So, I went to a card show they run twice a year at a local Catholic school. Both times I've attended the show, I ended up with some great cards. Last time, I ended up with three VG T206 cards at a very good price. This time, I didn't find anything quite that impressive, as there was a grand total of one T206 at the show (an overpriced white cap Christy Mathewson, not nearly as nice as the one I own.), but I make some other interesting additions to my collection.
Let's start with a few of the freakshow cards I purchased.
Walter Mails is not a player I was familiar with when I purchased the above card, but I was familiar with Emil Yde and some of the other names some intrepid youngster wrote on the card about 90 years ago. Duster, as Mails was better known as, was part of two World Series winning teams, the 1920 Cleveland Indians and the 1926 St. Louis Cardinals. He likely appeared on a E120 American Caramel card for going 7-0 in 1920 and 14-8 in 1921, which comprised the only two good years of his career. The one inning he threw for the 1926 Cardinals did not push them towards the pennant, but still makes him a footnote for a famous team.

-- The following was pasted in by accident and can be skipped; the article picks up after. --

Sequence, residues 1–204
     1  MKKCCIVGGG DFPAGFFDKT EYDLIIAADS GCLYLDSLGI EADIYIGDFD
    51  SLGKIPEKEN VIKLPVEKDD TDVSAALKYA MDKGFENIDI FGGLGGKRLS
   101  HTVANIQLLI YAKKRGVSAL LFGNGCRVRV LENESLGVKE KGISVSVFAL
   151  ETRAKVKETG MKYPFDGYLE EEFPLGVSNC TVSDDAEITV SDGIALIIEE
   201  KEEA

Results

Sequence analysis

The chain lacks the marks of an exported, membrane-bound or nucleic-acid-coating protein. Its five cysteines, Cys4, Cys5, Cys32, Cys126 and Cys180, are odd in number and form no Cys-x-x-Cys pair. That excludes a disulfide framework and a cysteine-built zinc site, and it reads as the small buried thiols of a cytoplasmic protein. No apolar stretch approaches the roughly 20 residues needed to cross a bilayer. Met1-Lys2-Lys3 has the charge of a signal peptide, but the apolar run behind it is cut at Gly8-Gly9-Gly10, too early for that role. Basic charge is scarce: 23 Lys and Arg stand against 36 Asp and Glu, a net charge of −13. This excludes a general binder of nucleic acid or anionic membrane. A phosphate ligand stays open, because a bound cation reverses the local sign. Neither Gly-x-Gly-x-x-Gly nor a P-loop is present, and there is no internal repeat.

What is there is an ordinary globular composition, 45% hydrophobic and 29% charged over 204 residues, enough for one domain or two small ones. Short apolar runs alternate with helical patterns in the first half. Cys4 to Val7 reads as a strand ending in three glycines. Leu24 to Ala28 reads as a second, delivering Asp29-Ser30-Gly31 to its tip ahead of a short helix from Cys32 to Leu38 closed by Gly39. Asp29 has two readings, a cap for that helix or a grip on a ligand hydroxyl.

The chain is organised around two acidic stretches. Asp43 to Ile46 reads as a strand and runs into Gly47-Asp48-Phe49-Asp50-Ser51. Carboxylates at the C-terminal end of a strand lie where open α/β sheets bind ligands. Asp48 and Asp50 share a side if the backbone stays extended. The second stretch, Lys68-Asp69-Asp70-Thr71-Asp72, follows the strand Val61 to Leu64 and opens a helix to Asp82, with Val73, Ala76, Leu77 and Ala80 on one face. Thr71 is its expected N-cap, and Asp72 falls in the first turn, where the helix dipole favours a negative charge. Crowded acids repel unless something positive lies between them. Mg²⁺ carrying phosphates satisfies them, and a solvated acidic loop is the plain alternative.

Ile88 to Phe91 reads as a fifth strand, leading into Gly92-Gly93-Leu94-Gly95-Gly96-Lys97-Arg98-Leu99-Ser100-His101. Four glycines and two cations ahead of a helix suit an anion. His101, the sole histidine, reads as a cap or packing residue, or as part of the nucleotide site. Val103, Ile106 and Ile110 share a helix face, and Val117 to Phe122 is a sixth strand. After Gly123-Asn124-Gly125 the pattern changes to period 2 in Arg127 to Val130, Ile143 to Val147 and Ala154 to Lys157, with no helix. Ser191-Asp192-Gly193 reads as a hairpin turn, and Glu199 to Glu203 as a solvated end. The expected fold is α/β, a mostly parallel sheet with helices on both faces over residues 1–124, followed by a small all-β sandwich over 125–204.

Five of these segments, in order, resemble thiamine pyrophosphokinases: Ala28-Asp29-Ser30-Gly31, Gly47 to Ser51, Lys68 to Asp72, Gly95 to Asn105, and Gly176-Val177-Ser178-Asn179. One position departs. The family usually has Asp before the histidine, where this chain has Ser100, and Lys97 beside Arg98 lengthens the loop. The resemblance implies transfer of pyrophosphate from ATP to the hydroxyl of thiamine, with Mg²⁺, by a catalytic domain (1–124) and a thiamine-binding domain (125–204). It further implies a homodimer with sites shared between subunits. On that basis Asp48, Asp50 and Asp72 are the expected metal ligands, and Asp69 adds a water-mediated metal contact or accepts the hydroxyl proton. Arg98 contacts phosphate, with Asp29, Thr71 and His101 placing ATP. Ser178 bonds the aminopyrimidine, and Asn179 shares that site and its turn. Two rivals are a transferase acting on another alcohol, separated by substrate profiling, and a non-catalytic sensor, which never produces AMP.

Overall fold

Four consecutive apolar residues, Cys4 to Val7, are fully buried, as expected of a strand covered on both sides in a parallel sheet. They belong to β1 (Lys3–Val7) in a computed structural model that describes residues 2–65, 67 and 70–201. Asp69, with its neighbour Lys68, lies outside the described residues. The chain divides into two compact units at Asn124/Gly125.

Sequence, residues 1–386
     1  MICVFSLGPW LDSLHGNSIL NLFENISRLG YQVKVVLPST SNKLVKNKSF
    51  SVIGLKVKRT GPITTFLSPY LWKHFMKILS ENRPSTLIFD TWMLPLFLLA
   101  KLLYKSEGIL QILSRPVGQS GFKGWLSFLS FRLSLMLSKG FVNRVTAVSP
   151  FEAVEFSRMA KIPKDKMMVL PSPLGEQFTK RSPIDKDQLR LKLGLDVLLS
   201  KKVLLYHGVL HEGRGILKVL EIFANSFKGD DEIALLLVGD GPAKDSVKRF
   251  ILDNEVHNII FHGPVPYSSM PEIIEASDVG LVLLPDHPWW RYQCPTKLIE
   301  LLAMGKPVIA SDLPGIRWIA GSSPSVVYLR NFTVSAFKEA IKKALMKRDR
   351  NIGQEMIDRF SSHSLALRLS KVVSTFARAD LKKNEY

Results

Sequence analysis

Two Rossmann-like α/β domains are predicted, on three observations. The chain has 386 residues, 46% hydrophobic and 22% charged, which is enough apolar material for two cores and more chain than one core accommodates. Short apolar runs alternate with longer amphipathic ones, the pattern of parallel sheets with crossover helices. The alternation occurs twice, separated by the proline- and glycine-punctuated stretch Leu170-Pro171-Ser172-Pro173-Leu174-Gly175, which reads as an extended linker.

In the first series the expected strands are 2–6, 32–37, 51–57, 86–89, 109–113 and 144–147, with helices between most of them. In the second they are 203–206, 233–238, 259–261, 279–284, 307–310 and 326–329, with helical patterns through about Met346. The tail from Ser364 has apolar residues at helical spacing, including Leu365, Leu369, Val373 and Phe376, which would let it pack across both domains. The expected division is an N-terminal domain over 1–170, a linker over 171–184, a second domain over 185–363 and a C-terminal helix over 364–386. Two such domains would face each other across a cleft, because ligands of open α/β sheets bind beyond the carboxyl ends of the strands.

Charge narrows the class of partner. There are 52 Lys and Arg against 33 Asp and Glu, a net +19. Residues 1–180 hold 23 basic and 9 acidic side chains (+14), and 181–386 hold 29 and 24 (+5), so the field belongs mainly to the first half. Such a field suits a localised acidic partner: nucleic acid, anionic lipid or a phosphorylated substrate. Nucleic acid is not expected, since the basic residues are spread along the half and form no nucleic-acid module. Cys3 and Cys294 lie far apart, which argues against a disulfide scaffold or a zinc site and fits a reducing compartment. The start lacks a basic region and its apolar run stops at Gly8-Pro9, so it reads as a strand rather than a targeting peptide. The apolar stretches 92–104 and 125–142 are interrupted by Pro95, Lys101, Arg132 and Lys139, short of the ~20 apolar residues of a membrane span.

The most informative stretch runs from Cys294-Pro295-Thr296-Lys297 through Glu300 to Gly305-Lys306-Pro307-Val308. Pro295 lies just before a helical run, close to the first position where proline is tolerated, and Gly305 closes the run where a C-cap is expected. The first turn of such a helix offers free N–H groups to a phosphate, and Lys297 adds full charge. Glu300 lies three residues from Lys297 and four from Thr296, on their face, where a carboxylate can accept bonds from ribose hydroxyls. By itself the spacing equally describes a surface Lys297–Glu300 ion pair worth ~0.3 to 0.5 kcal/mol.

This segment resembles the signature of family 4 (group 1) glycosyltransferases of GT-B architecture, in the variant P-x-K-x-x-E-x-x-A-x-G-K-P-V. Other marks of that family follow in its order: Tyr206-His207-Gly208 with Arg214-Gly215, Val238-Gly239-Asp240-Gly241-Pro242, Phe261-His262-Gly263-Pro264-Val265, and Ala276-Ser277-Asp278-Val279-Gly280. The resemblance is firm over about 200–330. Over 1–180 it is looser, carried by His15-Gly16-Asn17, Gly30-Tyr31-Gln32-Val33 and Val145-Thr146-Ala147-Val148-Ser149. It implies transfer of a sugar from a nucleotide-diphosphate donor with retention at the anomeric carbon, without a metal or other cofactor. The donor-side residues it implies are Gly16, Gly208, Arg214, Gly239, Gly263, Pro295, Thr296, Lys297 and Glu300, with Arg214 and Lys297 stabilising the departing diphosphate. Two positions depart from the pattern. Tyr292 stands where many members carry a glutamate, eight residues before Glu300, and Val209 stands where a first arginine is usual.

I also picked up this card. The dealer and I could agree om three facts:
1. The card was headless.
2. A fair price.
3. The card was from the 1880s.
Looking at the card, I thought it was a Scrapps tobacco card. However, further investigation yielded some information that the card belong to an 1880s tobacco die-cut set which is different from the Scrapps tobacco issue, which are all giant cut-out heads of famous players. These cards lacked famous faces, but just represented specific locales, like New York. Other than the age and lack of head, the card is otherwise unremarkable, but will serve as the oldest baseball card I own for quite some time.
Don't worry fair readers, I scanned a bunch of other cards from my trip to Cape May and my adventures at the card show, which should fill quite a few inches of white space in the upcoming days.